‘America is going to shut down if we shut down’: The Mississippi River’s water levels are near record lows, and it’s wreaking havoc on one of the U.S.’s most critical supply chains

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Mississippi River drought
Mississippi River drought: ‘America is going to shut down if we shut down’. Picture: Luke Sharrett

Traffic jams and stuck barges are clogging up a critical artery of the U.S. economy, as a prolonged drought pushes the Mississippi River’s water levels to near-record lows.

Around 500 million tons of supplies are ferried along the Mississippi River every year with trade value worth $130 billion, according to the Port of New Orleans, mainly agricultural products, like corn and soybeans, along with fuel products. The Mississippi River Basin produces more than 90% of U.S. agricultural exports, according to the National Park Service, and nearly 80% of the world’s grain exports.

But all that is coming to a standstill amid historic drought conditions that are making the river untraversable for most shipping barges. River levels are now at their lowest level in a decade after historically low rainfall in recent months, becoming the latest supply-chain snag to hit the U.S.

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“America is going to shut down if we shut down,” Mike Ellis, CEO of American Commercial Barge Line in Indiana, told the Wall Street Journal this week.

River traffic jams

The low water levels have clogged up entire sections of the Mississippi River in recent weeks, wreaking havoc on the local economy.

At least 2,000 barges were backed up along the river last week, Bloomberg reported, citing data from the U.S. Coast Guard. Also last week, the Coast Guard warned that at least eight heavy barges had become “grounded” in particularly shallow parts of the river.

With fewer barges able to navigate the river and longer wait times, prices are starting to go up.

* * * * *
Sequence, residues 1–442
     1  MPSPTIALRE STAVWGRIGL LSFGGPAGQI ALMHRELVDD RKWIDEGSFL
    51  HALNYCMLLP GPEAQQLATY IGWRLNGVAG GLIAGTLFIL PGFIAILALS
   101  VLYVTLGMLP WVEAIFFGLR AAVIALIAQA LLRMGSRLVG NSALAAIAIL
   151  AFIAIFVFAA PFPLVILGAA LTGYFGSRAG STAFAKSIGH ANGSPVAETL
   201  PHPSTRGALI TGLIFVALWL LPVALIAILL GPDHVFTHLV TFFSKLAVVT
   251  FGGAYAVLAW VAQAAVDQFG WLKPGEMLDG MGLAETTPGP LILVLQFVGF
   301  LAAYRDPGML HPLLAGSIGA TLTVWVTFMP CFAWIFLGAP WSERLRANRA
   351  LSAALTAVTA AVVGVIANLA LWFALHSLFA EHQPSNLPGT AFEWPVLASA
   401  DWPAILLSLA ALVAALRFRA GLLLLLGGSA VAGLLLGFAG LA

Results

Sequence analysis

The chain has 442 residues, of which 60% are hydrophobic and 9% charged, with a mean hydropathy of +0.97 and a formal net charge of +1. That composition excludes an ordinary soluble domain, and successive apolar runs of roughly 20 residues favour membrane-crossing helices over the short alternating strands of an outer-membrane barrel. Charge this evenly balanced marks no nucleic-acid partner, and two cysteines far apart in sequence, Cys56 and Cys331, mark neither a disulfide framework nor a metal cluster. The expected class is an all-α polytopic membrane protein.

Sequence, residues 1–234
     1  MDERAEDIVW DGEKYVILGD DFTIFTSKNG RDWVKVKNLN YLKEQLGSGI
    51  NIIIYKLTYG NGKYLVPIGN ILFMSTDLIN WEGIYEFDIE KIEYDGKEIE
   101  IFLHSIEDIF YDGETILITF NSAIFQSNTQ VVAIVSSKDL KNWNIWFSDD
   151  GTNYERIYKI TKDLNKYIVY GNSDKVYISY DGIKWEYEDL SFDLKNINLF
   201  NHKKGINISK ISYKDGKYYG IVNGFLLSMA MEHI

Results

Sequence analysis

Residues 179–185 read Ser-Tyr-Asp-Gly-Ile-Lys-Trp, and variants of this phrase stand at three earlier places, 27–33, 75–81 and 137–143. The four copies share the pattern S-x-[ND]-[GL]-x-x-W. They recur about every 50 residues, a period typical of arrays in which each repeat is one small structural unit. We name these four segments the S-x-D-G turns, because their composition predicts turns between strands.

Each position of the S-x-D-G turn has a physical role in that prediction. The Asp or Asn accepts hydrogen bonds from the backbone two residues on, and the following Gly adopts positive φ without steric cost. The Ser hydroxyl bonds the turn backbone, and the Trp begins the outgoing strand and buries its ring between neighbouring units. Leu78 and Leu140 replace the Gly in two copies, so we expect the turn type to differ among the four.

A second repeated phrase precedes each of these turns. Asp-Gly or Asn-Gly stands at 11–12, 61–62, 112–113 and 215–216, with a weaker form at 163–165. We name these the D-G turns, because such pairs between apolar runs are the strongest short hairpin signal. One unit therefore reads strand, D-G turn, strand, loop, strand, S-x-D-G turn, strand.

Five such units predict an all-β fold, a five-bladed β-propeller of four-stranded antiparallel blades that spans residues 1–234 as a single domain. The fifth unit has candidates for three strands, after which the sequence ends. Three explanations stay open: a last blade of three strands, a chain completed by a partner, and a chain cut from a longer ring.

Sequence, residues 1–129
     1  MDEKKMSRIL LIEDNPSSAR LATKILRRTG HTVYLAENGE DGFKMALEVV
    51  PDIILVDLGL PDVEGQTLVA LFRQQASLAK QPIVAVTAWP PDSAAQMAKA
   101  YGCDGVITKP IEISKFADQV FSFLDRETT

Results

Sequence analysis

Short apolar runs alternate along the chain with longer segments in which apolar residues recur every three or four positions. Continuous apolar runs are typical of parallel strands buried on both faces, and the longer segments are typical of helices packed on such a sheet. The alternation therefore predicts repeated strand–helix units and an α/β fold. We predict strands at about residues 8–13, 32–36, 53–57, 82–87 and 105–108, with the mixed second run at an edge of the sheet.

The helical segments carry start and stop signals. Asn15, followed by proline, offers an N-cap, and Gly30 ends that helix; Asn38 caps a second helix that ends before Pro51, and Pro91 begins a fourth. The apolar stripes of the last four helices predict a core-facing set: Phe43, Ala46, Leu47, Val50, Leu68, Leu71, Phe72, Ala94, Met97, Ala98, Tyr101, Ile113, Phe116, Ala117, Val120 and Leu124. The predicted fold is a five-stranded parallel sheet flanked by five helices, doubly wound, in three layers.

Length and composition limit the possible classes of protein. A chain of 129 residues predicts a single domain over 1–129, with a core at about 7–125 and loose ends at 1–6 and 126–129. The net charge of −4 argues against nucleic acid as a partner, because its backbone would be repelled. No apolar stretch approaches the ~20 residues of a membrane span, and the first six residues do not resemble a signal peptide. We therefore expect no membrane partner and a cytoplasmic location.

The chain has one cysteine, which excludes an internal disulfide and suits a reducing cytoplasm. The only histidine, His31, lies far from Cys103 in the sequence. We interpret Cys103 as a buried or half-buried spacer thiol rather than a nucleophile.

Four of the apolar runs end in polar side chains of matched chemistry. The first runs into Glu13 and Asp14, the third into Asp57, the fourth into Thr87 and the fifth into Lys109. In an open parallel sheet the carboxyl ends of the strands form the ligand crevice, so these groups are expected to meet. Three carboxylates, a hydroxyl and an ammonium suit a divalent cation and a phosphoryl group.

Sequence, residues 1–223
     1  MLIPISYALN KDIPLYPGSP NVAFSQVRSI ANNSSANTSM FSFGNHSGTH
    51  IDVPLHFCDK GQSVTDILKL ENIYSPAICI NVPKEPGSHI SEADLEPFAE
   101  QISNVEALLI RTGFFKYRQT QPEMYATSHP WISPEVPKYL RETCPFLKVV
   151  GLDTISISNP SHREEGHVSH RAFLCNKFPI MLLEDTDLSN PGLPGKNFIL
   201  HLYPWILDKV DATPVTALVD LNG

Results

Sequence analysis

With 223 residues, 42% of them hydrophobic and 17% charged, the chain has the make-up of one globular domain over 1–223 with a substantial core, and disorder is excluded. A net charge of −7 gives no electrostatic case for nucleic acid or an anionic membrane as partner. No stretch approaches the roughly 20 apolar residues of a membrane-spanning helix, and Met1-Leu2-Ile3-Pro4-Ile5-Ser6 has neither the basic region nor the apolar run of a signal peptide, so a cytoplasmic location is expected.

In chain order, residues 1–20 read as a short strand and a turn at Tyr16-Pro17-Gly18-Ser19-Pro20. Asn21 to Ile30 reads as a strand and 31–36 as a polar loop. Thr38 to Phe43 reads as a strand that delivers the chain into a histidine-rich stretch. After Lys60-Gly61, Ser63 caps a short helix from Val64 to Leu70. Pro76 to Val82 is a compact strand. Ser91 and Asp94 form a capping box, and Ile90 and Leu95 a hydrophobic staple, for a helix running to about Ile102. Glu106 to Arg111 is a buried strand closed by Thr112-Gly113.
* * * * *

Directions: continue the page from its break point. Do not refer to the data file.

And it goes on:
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“It’s definitely having an impact on the local economy, because the commercial use of this river has almost completely stopped,” George Flaggs, mayor of Vicksburg, Miss., told local news channel WAPT earlier this week, adding that the river around Vicksburg is the lowest he’s seen it in nearly 70 years.

“This will actually affect us in a very negative way. We have to have less cargo on our barges and less tonnage moving. It affects our revenues,” Austin Golding, president of Golding Barge Line, told WAPT.

It’s the worst possible time for a drought in the Mississippi, as early fall is typically when grain is harvested in the Mississippi Basin and sent down the river. Soybeans are the most commonly shipped commodity on the river, according to the Bureau of Transportation Statistics, but the low water levels are throwing the supply chain into chaos.

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Full soybean trucks are being turned away from loading stations along the river entirely, Ted Kendall, a farmer near Vicksburg, told local channel WLOX this week.

With water levels so low and the river’s flow weakened, salt water from the Gulf of Mexico could start creeping upstream, which would threaten local ecology and drinking supplies. The U.S. Army Corps of Engineers announced plans at the end of September to construct a sill—an underwater obstacle—to halt the salt water’s flow upstream.

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The Mississippi River tends to experience seasonally low water levels in the fall, the corps said, but with drought conditions persisting across the Mississippi’s headwater regions in the Midwest, it may be a while before water height returns to normal.

“Basically, we’re not seeing any heavy rainfall over the next several weeks to indicate that we would get any relief from low water conditions for the lower Mississippi,” Jeff Graschel, a National Weather Service hydrologist at the Lower Mississippi River Forecast Center, told the New York Times last week. [Fortune]

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16 Comments